THE State of The Nations Address (SONA) 2020 will best be remembered for the welcoming kiss National Speaker of Parliament Thandi Modise gave to the murderer FW De Klerk, days after he denounced apartheid as a crime against humanity as described by the United Nations.
In de Klerk’s warped and sick mind, Blacks waged war against themselves. Black-on-Black violence he says. This is a war which has been documented as orchestrated by his regime and his name has been named by the murderers who killed Blacks – that he made orders on some of these killings. Forget about the systematic plan including laws to keep Blacks as nothing but domestic workers for whites; to dehumanise them, to hang them and kill them through a judiciary consisting of men who still sit on the bench today to decide the fate of Black people.
We live today in a society most unequal: where whites who benefited from apartheid have amassed massive income from being handlers of politically-connected Blacks; where all citizens strive for basic needs like electricity because the ruling party fights among themselves about who the biggest bidder is to our national assets; where the education system has to be lowered and lowered just so we have numbers of students getting into varsity; where we are constantly being hoodwinked to think we have this and that when in reality we have nothing.
There was a time when Mme Thandi Modise was accused of having neglected her pigs on some farm which she apparently got through her political connections. We came out to support her knowing she had paid her dues for our liberation – what are pigs after all given what she had sacrificed – being a mother – that story follows.
She has now deceived us. I published an article about the indecision of the National Council of Provinces (NCOP) a year or so ago in which it had made a decision to have the Public Protector investigate wide-ranging allegations of corruption in the DA-run Knysna municipality. I asked, in an open letter whether she was protecting the DA.
Below is the Thandi Modise we thought we knew until she publicly kissed the torturer and killer of many of her comrades.
Thandi Modise was termed “the knitting needles guerrilla”. She was termed this because while she was operating underground as an MK cadre reconnoitring potential military targets she tried to look as ordinary as possible and carried a handbag from which a pair of knitting needles protruded. In an interview shortly after she was released after serving an eight year prison sentence, she said:
I’m a guerrilla because I’m a mother. Some people have accused me of being an unnatural mother but I did it for her (her daughter). It’s better to leave your child and fight. I’m very pleased my children will never turn around to me and ask, ‘Why did you do nothing?’ We have to have a better South Africa for our children. I do it for the children … all the children. (Interview 1991)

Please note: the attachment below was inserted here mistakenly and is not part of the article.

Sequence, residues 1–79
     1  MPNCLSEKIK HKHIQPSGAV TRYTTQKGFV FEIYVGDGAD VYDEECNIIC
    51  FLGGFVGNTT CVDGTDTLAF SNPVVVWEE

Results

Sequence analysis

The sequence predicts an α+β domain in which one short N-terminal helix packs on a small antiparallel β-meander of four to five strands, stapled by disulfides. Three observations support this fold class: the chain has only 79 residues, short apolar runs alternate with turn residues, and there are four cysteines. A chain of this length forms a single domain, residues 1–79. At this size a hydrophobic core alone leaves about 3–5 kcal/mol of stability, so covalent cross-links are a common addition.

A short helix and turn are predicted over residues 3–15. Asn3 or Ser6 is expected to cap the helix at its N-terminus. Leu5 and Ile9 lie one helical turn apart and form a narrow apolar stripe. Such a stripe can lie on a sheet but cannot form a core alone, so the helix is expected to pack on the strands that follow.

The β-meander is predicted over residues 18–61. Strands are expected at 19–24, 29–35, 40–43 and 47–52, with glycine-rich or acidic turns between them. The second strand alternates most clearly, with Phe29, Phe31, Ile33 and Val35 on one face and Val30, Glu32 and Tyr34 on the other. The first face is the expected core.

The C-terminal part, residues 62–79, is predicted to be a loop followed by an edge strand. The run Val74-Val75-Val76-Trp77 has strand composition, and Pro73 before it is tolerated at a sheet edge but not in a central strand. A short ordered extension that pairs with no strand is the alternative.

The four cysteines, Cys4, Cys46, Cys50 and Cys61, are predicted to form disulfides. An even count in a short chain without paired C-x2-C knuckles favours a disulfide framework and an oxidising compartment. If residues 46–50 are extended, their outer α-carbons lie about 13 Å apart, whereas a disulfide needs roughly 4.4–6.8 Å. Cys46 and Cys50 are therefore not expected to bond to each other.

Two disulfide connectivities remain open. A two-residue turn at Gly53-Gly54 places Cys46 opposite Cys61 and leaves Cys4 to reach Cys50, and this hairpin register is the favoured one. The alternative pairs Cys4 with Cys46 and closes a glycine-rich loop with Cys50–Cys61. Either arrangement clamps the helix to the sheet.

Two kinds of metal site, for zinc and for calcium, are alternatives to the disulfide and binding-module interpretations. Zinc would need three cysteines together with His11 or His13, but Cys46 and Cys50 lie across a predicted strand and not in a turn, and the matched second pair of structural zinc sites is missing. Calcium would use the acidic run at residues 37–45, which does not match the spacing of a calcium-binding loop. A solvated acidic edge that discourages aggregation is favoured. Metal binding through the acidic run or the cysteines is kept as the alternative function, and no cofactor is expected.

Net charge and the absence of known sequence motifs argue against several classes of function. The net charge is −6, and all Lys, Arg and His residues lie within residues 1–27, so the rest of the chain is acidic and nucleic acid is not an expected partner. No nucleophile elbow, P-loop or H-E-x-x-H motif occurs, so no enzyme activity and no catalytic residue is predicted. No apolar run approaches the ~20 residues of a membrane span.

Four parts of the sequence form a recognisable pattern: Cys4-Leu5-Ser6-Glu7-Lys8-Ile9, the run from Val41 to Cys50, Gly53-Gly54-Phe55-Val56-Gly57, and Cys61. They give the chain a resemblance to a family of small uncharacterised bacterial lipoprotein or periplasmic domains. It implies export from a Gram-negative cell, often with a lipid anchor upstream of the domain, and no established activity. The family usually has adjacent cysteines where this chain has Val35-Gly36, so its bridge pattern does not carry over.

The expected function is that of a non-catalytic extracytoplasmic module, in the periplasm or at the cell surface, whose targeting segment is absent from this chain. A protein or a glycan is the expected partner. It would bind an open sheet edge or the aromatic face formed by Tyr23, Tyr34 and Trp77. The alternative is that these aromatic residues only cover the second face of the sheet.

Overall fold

Thandi Modise was tried in the Kempton Park Regional Court along with Khowi Moses Nkosi and Slim Aaron Mogale. She was charged under the Terrorism Act, Sabotage Act, and faced charges of arson and malicious damage to property. Specifically, she was charged with undergoing military training between October 1976 and January 1978, with being in possession of a machine gun, ammunition and explosives, and with placing explosives in two department stores in Johannesburg.
Modise was convicted on three charges under the Terrorism Act and sentenced November 7, 1980 to a total of sixteen years, eight of which ran concurrently. Nkosi was sentenced to five years. His counsel lodged notice of appeal and bail was fixed at R2,000. Mogale was sentenced to two years and six months, suspended for five years.
Modise told the court that she had joined the ANC (African National Congress), had the ideology of the ANC explained to her, and had received military training in Tanzania and Angola. She said that the ANC’s aim was for South Africa to belong to all its people, irrespective of color, and that everybody was entitled to enjoy equal rights. At Funda, in Angola, she was instructed in guerilla warfare, specializing in sabotage, topography and reconnaissance, and learned how to use the Scorpion and Uzi firearms.
Until now, the South African Political Prisoner Bracelet Program has focused on political prisoners serving life sentences. These people were used as symbols for all political prisoners in South Africa. To date, only men have been given life sentences. Due to the many requests for female prisoner bracelets, and given the integral role women have played in the liberation of South Africa, we now include Thandi Modise; the woman currently serving the longest sentence in South Africa.
The source of this information is International Defence and Aid’s newsletter, Focus, issues 32 and 33. We appreciate their permission to use this material.
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